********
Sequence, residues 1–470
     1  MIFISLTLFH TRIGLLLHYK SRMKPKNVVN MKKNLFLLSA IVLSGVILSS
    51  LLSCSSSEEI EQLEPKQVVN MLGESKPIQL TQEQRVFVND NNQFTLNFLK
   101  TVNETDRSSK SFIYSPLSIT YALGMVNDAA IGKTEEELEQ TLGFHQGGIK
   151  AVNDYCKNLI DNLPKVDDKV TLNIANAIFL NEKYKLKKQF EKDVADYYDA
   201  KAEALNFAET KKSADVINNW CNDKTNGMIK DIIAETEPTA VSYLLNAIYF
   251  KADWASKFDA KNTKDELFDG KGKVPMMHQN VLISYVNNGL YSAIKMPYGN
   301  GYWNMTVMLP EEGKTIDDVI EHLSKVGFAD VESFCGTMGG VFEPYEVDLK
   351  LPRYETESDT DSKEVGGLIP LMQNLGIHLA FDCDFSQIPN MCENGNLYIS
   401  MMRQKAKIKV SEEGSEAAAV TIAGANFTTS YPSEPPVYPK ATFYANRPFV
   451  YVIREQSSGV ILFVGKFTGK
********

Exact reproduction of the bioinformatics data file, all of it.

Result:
Sequence, residues 1–470
     1  MIFISLTLFH TRIGLLLHYK SRMKPKNVVN MKKNLFLLSA IVLSGVILSS
    51  LLSCSSSEEI EQLEPKQVVN MLGESKPIQL TQEQRVFVND NNQFTLNFLK
   101  TVNETDRSSK SFIYSPLSIT YALGMVNDAA IGKTEEELEQ TLGFHQGGIK
   151  AVNDYCKNLI DNLPKVDDKV TLNIANAIFL NEKYKLKKQF EKDVADYYDA
   201  KAEALNFAET KKSADVINNW CNDKTNGMIK DIIAETEPTA VSYLLNAIYF
   251  KADWASKFDA KNTKDELFDG KGKVPMMHQN VLISYVNNGL YSAIKMPYGN
   301  GYWNMTVMLP EEGKTIDDVI EHLSKVGFAD VESFCGTMGG VFEPYEVDLK
   351  LPRYETESDT DSKEVGGLIP LMQNLGIHLA FDCDFSQIPN MCENGNLYIS
   401  MMRQKAKIKV SEEGSEAAAV TIAGANFTTS YPSEPPVYPK ATFYANRPFV
   451  YVIREQSSGV ILFVGKFTGK